Munster couple stuck aboard Holland America cruise ship where 4 passengers died

Holland America is working to get healthy passengers of a cruise ship after four people died on board.

The ship left Argentina on March 7 and hasn't been allowed to dock to let off passengers, including the grandparents of a Chicago sports star.

Jim and Colleen Wing, grandparents of Chicago Bulls player Luke Kornet, are now in limbo waiting to get back home as Jim battles flu-like symptoms.

The northwest Indiana couple's daughter and Kornet's mother told ABC7 that the trip was supposed to be a celebration.

Jim and Colleen Wing are one of more than 100 trapped aboard Holland America's Zaandam Sunday night.

"They said they may never get off," said Tracy Kornet.

The couple's daughter, who's also an evening news anchor in Nashville, said her father and stepmother originally went on the cruise as part of a birthday celebration.

"They were going on to celebrate his birthday and my stepmom, who is going to be 70," Tracy Kornet said.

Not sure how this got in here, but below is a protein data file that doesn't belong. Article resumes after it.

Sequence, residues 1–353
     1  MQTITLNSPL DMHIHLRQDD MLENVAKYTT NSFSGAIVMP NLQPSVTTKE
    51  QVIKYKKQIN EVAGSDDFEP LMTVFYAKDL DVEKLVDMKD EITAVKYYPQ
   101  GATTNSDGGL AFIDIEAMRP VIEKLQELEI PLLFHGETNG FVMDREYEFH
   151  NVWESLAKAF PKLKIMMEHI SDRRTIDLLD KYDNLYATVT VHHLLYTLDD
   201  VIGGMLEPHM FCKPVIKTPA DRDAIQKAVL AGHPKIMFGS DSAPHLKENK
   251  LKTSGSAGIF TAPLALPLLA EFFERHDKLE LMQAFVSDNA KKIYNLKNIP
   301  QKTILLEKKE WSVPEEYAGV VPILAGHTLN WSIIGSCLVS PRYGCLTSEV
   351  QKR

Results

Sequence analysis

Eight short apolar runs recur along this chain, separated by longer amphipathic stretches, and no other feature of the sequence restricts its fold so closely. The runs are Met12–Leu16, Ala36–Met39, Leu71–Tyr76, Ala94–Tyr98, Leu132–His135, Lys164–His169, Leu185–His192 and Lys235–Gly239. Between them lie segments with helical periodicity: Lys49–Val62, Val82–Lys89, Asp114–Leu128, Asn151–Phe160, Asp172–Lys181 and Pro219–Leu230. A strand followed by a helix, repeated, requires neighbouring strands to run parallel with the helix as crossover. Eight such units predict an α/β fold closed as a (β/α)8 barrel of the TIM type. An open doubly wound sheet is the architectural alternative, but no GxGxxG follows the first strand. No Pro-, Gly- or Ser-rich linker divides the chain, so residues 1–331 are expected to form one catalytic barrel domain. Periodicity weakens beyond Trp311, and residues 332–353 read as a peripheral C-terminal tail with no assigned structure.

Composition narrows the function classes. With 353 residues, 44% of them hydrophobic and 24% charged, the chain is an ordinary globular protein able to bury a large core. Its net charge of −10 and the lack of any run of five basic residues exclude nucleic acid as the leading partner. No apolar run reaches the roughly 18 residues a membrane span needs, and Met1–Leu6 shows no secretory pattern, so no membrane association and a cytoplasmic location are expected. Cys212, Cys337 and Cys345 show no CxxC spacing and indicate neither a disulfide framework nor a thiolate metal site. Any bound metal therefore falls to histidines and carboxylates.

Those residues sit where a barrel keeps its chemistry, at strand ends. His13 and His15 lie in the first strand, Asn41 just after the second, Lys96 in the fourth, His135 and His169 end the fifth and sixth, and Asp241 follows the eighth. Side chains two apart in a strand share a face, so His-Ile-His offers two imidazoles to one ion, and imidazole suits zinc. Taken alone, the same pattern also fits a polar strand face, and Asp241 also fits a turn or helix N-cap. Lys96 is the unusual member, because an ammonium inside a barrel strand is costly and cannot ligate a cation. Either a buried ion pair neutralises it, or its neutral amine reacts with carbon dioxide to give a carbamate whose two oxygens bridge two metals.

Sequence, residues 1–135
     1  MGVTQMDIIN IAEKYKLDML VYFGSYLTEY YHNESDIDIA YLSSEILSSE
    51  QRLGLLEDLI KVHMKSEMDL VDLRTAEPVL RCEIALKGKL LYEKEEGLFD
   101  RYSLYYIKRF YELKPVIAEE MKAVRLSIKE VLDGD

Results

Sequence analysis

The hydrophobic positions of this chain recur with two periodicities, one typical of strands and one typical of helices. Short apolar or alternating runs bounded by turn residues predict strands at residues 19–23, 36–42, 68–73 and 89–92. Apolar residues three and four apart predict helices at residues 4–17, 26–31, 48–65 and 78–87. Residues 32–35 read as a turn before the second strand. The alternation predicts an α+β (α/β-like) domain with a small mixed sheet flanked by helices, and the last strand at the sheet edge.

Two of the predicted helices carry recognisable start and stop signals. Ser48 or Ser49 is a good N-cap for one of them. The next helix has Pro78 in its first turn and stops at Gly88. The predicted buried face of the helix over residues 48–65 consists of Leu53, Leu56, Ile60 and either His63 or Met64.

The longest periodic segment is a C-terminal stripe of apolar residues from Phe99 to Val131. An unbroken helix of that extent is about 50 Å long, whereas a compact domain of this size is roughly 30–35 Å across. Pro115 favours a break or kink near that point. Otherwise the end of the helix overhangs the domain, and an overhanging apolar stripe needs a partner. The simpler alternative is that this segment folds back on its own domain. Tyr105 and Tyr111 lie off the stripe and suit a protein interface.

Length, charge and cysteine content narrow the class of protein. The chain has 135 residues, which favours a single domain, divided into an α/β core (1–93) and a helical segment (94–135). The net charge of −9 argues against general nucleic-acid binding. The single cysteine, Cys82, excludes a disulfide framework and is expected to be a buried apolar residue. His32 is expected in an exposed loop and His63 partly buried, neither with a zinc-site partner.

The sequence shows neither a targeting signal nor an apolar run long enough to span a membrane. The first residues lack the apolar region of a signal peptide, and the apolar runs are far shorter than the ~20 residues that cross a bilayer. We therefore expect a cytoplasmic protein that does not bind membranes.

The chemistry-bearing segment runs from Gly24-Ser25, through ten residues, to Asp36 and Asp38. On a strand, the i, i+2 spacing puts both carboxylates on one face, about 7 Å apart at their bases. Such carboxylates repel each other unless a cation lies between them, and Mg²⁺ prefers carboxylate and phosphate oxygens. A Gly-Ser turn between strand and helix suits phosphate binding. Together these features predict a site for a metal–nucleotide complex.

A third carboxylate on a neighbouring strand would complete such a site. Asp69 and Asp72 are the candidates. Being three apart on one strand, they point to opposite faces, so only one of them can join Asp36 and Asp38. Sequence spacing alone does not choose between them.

RELATED: 4 passengers dead aboard Holland America cruise ship anchored off Panama; 2 test positive for COVID-19

The Munster couple left earlier this month before any COVID-19 travel restrictions were put in place.

A day into their journey, Holland America had to terminate and find a place to dock the trip, leaving them stranded five days.

Last week, Tracy Kornet said her father started to feel ill.

"I heard him and then he started saying, this is different Tracy, and that's when it planted in my heart like, oh gosh this isn't so good," she said.

And he wasn't the only one.

Holland America since reported more than 130 people were suffering from flu-like symptoms, with two testing positive for COVID-19. The company also recently reported that four passengers died.

The hundreds who were healthy were allowed to board a sister ship nearby, but Jim and his wife are still on board the Zaandam.

Tracy Kornet said she's only beginning to process the emotions.

"I really do love him so much and I do not want to give up on him," she said.

Kornet said her father's fevers kept him from eating and his coughs restricted his breathing. But she was hopeful Sunday.

Kornet was finally able to reach him after days.

"I said, 'Dad please, when you're pushing through this and there are really hard times,' I said, 'I am not ready to say goodbye to you yet and so I don't want you when you're really struggling Dad, I'm not ready to say goodbye so please just remember that,'" Kornet explained.

Jim said he's feeling a little better knowing the ship will be able to pass through the Panama Canal, according to Kornet.

The next hurdle is where they will dock next.

Kornet and her siblings hope lawmakers make moves to bring the ship and her parents home.
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